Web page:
3D engineering and design software maker says BIM platform is ‘well-beyond’ traditional CAD software
To sustain one of the world’s fastest growing economies, India laid out a goal last year of investing $1 trillion in infrastructure by 2017.
In an effort to meet the rapidly growing infrastructure needs, India’s largest engineering and building consultant firm, Tata Consulting Engineers Ltd. (TCEL), on Wednesday announced a deal to use Autodesk’s Building Information Modeling (BIM) platform to boost cost and time savings for customers managing large-scale projects in building, town planning and infrastructure.
“Globally, one of the most significant technology trends today is the adoption of [BIM],” said Pradeep Nair, managing director for Autodesk India.
In just the last year, the adoption of BIM has seen significant increase worldwide in areas of building, infrastructure and construction management. The percentage of companies using BIM jumped from 17 percent in 2007 to 71 percent in 2012 in North America.
In the United Kingdom, the government’s construction strategy mandates the use of BIM by 2016 to reduce carbon and costs as part of the overall economic development, although there is some indication in Britain that BIM is slow to catch on among AEC professionals.
“BIM goes well beyond traditional CAD software that is popular in most developing countries,” Nair said.
Based in Mumbai, TCEL will leverage Autodesk’s Building Design Suite, Infrastructure Design Suite and Plant Design Suite. TCEL also serves customers in the power, chemical, steel metals and mining, process, and nuclear and advanced technologies sectors around the globe.
“We are committed to providing responsible consulting solutions to our customers that are sustainable, smart and cost efficient,” said J.P. Haran, TCE managing director. “This partnership with Autodesk will help [TCE] add value by implementing BIM solutions in the building, infrastructure and plant solution space.”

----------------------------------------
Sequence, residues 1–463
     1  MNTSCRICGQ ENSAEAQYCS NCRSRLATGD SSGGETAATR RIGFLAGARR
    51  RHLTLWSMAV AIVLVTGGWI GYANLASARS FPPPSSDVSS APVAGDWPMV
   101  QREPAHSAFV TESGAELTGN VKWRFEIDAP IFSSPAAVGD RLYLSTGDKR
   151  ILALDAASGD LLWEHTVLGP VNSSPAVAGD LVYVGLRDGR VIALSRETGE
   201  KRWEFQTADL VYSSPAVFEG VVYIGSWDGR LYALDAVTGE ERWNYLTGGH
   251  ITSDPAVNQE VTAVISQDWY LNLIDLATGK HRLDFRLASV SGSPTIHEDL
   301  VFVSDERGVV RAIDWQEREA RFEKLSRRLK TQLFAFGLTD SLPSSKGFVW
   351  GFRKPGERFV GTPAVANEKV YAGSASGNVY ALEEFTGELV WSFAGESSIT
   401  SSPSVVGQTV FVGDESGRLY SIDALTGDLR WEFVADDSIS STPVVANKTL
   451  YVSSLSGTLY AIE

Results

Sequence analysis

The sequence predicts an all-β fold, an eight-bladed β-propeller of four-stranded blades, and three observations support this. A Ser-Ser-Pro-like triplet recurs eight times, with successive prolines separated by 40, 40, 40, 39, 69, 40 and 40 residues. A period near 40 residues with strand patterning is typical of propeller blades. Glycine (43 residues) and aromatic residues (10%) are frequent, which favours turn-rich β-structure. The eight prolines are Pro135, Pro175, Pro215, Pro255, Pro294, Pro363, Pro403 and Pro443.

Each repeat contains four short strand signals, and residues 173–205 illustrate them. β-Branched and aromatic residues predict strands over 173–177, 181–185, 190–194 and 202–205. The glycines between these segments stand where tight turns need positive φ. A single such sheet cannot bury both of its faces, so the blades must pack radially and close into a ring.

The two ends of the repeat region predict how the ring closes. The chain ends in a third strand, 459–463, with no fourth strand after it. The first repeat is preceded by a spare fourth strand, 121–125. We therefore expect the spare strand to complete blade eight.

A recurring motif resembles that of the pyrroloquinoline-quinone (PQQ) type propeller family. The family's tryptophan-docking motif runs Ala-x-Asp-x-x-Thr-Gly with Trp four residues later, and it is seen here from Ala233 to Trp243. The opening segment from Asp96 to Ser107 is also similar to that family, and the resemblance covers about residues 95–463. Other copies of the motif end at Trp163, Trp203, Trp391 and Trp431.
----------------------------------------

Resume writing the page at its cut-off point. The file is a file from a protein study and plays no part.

In March 2012, the Department of Commerce led a trade mission to India to promote U.S. equipment, services, and technologies that support India’s ambitious, $1 trillion infrastructure goal, as part of its 12th five-year plan (2012-2017), in the following sectors:
- Project Management and Engineering Services (including architecture and design)
- Transportation (including road/highways, rail, airports and intelligent transportation systems)
- Energy (including distribution, transmission and smart grid)
“U.S. industry is well qualified to supply the kinds of architectural, design and engineering services and project management skills needed to successfully tackle major projects,” the commerce department said at the time. “U.S. technologies are also well positioned to rationalize energy use and production to support new industrial zones as they are built in this chronically energy deficient country.”
With a total of 3.1 million kilometers of roads, India has the 2nd-largest road system in the world only after the United States. The subcontinent wants to increase the road network to five million kilometers in 10 years, connecting all regions of the country.